When the summer hits temperatures in a conservatory can spiral out of control. We look at ways to make it more habitable for plants and some climbers that love the heat.
Many conservatories are considered to be too hot and sunny for plants during the summer but this is normally quite untrue – it is simply a matter of choosing the correct plants.
The most important factor to consider when planting a sunny conservatory is the ventilation. If the doors and windows can be left open during the day, to bring cool fresh air into the conservatory, then a wide range of plants which tolerate the high light intensity can be grown.
Particularly good for these conditions are many climbers such as Bougainvillea and Jasmine. These also have the advantage of shading people and other plants below them, eliminating the need for blinds. Climbers can be grown up attractive supports such as trellises and obelisks, or they can be trained up the sides and into the roof simply with the aid of a piece of wire or string.
When growing climbers, it is worth bearing in mind that they will flower best on the stems that are growing horizontally or trailing down – this will often be the parts which have reached the roof of the conservatory and started to grow across the top. To encourage flowering lower down, it may be necessary to prune them repeatedly to encourage a fairly bushy shape with lots of side shoots.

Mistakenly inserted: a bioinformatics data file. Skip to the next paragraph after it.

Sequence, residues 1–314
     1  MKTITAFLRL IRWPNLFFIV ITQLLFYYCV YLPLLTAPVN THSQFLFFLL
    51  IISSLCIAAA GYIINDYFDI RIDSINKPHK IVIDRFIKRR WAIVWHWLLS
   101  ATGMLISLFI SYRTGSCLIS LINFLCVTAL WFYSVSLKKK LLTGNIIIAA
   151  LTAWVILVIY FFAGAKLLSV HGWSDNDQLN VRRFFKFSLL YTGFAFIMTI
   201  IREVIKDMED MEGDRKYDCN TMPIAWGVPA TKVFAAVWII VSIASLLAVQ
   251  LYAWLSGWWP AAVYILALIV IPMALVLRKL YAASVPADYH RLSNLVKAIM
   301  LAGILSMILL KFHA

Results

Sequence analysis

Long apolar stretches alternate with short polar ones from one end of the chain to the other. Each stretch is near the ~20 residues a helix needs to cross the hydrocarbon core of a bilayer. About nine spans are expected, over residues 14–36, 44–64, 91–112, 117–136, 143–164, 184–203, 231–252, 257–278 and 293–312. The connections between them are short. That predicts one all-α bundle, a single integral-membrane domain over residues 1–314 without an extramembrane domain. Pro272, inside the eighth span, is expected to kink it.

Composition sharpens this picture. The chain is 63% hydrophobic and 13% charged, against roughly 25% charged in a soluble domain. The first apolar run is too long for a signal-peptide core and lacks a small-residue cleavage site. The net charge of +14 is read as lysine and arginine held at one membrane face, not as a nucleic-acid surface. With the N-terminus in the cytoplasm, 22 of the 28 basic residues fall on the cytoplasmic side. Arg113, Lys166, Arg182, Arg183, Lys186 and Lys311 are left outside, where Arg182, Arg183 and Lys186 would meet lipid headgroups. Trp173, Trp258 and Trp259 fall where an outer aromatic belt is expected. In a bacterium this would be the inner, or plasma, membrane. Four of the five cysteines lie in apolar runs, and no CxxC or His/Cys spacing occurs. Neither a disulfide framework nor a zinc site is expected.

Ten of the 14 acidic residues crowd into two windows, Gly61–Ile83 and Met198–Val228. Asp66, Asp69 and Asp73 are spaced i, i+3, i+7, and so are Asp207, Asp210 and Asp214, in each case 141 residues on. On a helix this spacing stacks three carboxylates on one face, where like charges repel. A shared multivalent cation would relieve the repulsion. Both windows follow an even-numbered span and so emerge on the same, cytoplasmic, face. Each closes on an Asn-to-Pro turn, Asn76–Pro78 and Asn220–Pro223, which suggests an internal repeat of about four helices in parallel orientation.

Plants such as Jasmines, which flower on the new growth, can be pruned hard during the winter, and trimmed back again after each burst of flowers during the summer.
To provide some shade in the summer, but let in as much light as possible during the winter, why not grow deciduous climbers such as Bougainvillea. These are available in a tremendous range of bright colours. Alternatively, fast growing plants such as Ipomea learii (Morning Glory) and Passionflowers can be trimmed back hard during the winter to allow the light in again.
On the other hand, to cover up an unsightly brick wall or provide some privacy, you may require an evergreen screen. Ideal for this purpose would be many varieties of Jasmine, Hibbertia scandens, Dipladenia sanderii and Hoya carnosa.
Some of the best climbers for conservatories
Bougainvillea – Brightly coloured, papery ‘flowers’. Deciduous.
Jasmines – Wonderfully scented white flowers. Also notable for not being prone to pests.
Hoya carnosa – called the Wax Plant, has clusters of waxy star shaped flowers. Thrives on neglect!
Dipladenia sanderii – Lovely glossy evergreen leaves and pink trumpet flowers.
Mandevillea amabilis – Fabulous large, pink trumpet flowers.
Ipomea learii – called the Blue Dawn Flower, has large, deep blue saucer shaped flowers in summer.
Stephanotis floribunda – often called the Madagascar Jasmine, has heavily scented, waxy white flowers.
Passiflora: the well-known Passion Flower. Many varieties. P. amethyst or P. violacea, fast growing and free flowering.
P. citrina has delightful yellow flowers.